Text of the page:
Mr Komorowski’s supporters see him working well with Prime Minister Donald Tusk in trying to curb fiscal deficit.

Mr Komorowski, 58, said at his rally on Friday: “You have the choice between a politician who harbours resentment and grudges, and the future, with an optimistic vision of Poland.”

Mr Kaczynski’s supporters hope a victory for their candidate would curb cuts in public spending.

He said on Friday: “This election began with a tragedy. I hope it will end with a great success for Poland.”

Mr Kaczynski, 61, served as prime minister but was voted out of office in 2007.

The BBC’s Adam Easton in Warsaw says Mr Kaczynski has tried to present himself as a changed man, prepared to compromise with opponents, in the wake of his own personal loss.

The Polish president has a role in foreign affairs and the power to propose and veto legislation, although policy is set by the prime minister.

US Secretary of State Hillary Clinton avoided taking sides during her visit to Poland on Saturday.

“Whichever candidate is chosen, the United States will continue to be your friend and partner,” she said.

July 4, 2010 Posted by | News | , , , , , , , , | 4 Comments

Polish President Lech Kaczynski dies in plane crash

President Lech Kaczynski and scores of other senior Polish figures have been killed in a plane crash in Russia.

Polish and Russian officials said no-one survived after the plane apparently hit trees as it approached Smolensk airport in thick fog.

Poland’s army chief, central bank governor, MPs and leading historians were among more than 80 passengers.

Prime Minister Donald Tusk said the crash was the most tragic event of the country’s post-World War II history.

The Polish delegation was flying in from Warsaw to mark the 70th anniversary of the Katyn massacre of thousands of Poles by Soviet forces during WWII.

The BBC’s Adam Easton, in Warsaw, says the crash is a catastrophe for the Polish people.

He says Prime Minister Tusk was reportedly in tears when he was told.

After an emergency meeting of ministers, Mr Tusk, who runs the day-to-day business of government, said a week of national mourning had been declared with two minutes of silence on Sunday at midday.

He said he would travel immediately to the site of the crash, in Smolensk. Russian Prime Minister Vladimir said he would go to Smolensk on Saturday as well, Russian news agencies reported.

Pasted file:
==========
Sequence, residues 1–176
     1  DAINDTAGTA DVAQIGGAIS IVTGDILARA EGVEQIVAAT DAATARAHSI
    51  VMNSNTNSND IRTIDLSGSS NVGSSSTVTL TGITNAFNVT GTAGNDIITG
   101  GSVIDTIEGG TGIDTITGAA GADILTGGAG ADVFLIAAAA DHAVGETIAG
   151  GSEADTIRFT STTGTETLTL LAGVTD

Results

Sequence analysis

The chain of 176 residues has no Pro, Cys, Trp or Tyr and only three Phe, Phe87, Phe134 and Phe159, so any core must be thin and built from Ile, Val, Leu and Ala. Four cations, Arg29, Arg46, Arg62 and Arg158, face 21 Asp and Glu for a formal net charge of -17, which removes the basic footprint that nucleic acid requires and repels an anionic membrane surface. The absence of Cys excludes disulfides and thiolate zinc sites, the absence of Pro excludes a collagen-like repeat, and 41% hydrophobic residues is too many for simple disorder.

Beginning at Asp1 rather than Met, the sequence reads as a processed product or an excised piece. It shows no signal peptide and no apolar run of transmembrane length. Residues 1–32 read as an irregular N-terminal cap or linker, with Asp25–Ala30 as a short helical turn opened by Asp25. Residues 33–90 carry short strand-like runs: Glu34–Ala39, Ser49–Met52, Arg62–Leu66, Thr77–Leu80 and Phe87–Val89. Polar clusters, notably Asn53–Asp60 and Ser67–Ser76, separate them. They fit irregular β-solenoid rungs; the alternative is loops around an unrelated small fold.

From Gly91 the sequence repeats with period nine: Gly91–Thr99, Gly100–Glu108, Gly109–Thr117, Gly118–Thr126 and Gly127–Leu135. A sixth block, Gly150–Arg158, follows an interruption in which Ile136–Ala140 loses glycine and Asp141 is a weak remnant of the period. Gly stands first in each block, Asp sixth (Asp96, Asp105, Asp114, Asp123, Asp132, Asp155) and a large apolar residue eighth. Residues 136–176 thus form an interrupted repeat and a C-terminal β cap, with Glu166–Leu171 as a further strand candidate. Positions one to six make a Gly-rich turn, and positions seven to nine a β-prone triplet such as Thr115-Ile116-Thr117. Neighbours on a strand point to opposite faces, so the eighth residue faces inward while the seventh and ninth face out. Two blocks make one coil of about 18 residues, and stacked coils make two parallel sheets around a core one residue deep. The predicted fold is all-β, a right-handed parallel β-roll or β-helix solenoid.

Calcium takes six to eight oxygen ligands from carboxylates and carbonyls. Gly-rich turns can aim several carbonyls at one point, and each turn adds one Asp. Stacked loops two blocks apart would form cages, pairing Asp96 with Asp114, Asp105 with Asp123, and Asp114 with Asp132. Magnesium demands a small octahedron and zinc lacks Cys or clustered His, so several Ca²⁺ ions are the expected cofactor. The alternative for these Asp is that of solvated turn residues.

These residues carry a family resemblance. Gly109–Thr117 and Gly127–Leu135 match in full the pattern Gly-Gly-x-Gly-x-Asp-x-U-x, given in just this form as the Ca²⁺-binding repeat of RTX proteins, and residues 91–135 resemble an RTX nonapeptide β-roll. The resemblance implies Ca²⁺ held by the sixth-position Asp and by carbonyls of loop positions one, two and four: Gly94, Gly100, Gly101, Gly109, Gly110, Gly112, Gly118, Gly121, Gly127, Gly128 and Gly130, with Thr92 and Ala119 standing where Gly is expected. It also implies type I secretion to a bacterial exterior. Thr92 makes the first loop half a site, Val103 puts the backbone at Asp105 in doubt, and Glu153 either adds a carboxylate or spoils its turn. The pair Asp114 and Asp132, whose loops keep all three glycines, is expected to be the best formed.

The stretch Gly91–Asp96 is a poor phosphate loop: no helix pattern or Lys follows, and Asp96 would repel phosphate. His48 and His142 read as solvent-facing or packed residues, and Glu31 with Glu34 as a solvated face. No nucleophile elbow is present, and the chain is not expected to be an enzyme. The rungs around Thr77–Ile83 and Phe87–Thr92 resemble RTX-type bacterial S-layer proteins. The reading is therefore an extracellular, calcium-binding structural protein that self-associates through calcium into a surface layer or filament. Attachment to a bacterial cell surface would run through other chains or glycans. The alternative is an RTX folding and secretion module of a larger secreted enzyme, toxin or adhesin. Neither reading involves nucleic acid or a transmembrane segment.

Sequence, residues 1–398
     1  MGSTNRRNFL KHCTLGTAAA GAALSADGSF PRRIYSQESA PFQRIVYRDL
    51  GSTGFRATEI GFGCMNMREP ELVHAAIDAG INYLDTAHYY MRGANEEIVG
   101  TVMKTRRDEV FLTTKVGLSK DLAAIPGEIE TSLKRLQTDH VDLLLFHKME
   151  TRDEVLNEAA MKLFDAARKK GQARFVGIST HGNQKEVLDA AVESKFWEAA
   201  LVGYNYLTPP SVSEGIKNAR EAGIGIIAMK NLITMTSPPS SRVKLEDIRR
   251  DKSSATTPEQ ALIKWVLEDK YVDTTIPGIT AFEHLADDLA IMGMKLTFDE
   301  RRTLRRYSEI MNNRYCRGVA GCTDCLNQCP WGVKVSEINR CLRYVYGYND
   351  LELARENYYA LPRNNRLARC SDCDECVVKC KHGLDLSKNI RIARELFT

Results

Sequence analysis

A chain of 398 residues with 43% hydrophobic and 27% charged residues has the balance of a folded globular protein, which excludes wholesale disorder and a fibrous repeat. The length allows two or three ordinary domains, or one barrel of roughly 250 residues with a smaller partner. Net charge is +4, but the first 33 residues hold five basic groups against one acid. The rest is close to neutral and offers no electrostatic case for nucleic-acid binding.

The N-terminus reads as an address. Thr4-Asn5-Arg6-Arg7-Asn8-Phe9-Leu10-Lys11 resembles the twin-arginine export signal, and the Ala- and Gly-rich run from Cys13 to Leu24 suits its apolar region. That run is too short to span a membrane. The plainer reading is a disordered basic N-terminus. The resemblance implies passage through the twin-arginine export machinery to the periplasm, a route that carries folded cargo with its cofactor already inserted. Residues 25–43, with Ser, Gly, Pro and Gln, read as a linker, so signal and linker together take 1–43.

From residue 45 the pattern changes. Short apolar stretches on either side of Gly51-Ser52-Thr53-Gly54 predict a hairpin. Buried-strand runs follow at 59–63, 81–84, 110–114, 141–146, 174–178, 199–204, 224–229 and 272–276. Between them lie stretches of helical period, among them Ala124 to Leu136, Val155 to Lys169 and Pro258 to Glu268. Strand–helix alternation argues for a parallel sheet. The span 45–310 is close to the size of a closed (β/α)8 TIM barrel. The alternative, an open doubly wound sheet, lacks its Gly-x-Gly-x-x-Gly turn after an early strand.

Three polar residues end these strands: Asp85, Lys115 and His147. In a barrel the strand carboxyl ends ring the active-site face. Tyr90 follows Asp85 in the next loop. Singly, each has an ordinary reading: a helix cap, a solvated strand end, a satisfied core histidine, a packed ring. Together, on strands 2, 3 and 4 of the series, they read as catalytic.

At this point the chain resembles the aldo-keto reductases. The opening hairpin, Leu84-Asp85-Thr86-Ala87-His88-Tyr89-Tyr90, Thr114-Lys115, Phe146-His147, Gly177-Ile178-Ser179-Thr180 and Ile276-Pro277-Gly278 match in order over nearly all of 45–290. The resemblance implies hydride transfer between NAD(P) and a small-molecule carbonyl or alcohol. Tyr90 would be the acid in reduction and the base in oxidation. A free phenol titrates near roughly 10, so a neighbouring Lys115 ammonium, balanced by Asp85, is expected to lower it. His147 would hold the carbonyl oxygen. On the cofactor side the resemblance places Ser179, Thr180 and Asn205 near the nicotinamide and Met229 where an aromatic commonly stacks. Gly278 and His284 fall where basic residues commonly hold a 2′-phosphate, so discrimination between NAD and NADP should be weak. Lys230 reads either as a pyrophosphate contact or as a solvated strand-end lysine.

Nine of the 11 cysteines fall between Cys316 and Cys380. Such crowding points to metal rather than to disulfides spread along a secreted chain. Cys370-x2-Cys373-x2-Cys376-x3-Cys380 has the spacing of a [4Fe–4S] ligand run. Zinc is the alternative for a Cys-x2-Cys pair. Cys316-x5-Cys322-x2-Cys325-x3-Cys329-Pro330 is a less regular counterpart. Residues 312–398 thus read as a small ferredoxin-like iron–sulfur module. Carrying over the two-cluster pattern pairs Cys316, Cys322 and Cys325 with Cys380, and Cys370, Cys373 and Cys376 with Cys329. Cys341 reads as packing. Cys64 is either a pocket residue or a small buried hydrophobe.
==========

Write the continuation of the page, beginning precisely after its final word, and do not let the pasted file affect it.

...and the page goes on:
Mr Tusk added: “The Polish state must function and will function”.

A government spokesman said that according to the constitution there would be an early presidential election, and the speaker of the lower house of parliament, Bronislaw Komorowski, would be acting president.

In Warsaw, people have been gathering outside the presidential palace to lay flowers and light candles.

“I’m all broken up… it cannot be expressed in words,” Ewa Robaczewska told Reuters news agency.

Pilot error?

The Russian emergencies ministry told Itar-Tass news agency the plane crashed at 1056 Moscow time (0656 GMT).

Smolensk regional governor Sergei Antufiev told Russian TV that no-one had survived.

“As it was preparing for landing, the Polish president’s aircraft did not make it to the landing strip,” he said.

“According to preliminary reports, it got caught up in the tops of trees, fell to the ground and broke up into pieces. There are no survivors in that crash.”

Polish Foreign Ministry spokesman Piotr Paszkowski said it could be assumed with “great certainty” that no-one had survived.

“We still cannot fully understand the scope of this tragedy and what it means for us in the future. Nothing like this has ever happened in Poland,” Mr Paszkowski said.

Polish TV worker Slawomir Wisniewski said he had seen the crash from his hotel near the airport.

“I saw through the fog, the aeroplane flying very low with the left wing pointing to the ground,” he said.

“I heard something being broken and then that thudding sound. Two flashes of fire next to each other.”

It is unclear how many people were on board. Polish officials said the delegation was 88-strong, while local officials said 96 people had been killed.

Russian investigators had earlier said there were 132 people on the plane.

Russian media carried claims that the plane’s crew were at fault for the crash.

“Flight controllers at Severnyy aerodrome suggested that the plane be forwarded to Minsk but as far as we know the crew took an independent decision to land the plane in Smolensk,” Smolensk regional government spokesman Andrei Yevseyenkov told Russian TV.

Mr Putin said the bodies of those killed in the crash would be taken to Moscow for identification, Russian media said.

Controversial figure

The president was flying in a Tupolev 154, a Soviet-designed plane that was more than 20 years old.

Our correspondent says there had been calls for Polish leaders to upgrade their planes.

Mr Kaczynski himself had suffered scares while using the plane in late 2008, when problems with the aircraft’s steering mechanism delayed his departure from Mongolia. It was then caught up in turbulence flying to Seoul.

“Any flight brings with it a certain risk, but a very serious risk attaches to the responsibilities of a president, because it is necessary to fly constantly,” he was quoted as saying at the time.

But the head of Russia’s Aviakor aviation maintenance company told Russian TV the plane was airworthy, after his plant fully overhauled it in December.

As well as the president and his wife, Maria, a number of senior officials were on the passenger list.

They included the army chief of staff Gen Franciszek Gagor, central bank governor Slawomir Skrzypek and deputy Foreign Minister Andrzej Kremer.

World leaders including Russian Prime Minister Vladimir Putin, US President Barack Obama, German Chancellor Angela Merkel and UK Prime Minister Gordon Brown offered their condolences to Poland.

Mr Kaczynski, who had fewer powers than the prime minister but had a significant say in foreign policy, was a controversial figure in Polish politics.

He had advocated a right-wing Catholic agenda, opposed rapid free-market reforms and favoured retaining social welfare programmes.

Courtesy of BBC

April 10, 2010 Posted by | News | , , | Leave a comment